Browsing named entities in James D. Porter, Confederate Military History, a library of Confederate States Military History: Volume 7.1, Tennessee (ed. Clement Anselm Evans). You can also browse the collection for Crocker or search for Crocker in all documents.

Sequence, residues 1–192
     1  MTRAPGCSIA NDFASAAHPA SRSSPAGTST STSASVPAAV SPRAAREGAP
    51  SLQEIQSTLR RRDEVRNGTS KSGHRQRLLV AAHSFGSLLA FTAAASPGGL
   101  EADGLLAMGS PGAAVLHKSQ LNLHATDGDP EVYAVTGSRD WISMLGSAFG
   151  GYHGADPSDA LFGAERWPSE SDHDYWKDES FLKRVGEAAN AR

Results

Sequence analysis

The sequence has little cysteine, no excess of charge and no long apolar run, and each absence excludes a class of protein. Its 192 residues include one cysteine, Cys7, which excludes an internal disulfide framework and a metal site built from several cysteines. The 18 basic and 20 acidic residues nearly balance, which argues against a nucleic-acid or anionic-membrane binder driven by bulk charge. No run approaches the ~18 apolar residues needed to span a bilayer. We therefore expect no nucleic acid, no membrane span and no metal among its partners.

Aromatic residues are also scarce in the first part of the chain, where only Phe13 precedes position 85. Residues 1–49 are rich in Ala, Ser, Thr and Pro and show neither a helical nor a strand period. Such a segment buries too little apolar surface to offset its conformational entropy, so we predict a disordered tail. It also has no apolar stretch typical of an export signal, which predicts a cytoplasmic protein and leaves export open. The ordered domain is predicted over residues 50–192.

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o'clock a. m. of the next day a Federal force moved up rapidly and opened with artillery upon Gregg's pickets. General Gregg, misled by the information received from General Pemberton, made his dispositions to capture a brigade of the enemy; but instead of a brigade, encountered Logan's division. He was attacked by three brigades commanded by Brig.-Gens. John E. Smith, E. S. Dennis and John D. Stevenson, with three batteries, and a considerable force of cavalry. Besides all these, General Crocker's Seventh division was hurried into position to support Logan, and finally the whole Seventh army corps, 23,749 strong, commanded by Maj.-Gen. John B. McPherson, was disposed for battle. This great array was met by General Gregg with an aggregate present of 2,500 officers and men, including Bledsoe's Missouri battery of three guns, one of which burst during the action. General McPherson reported that after a sharp and severe contest of three hours duration the Confederates were driv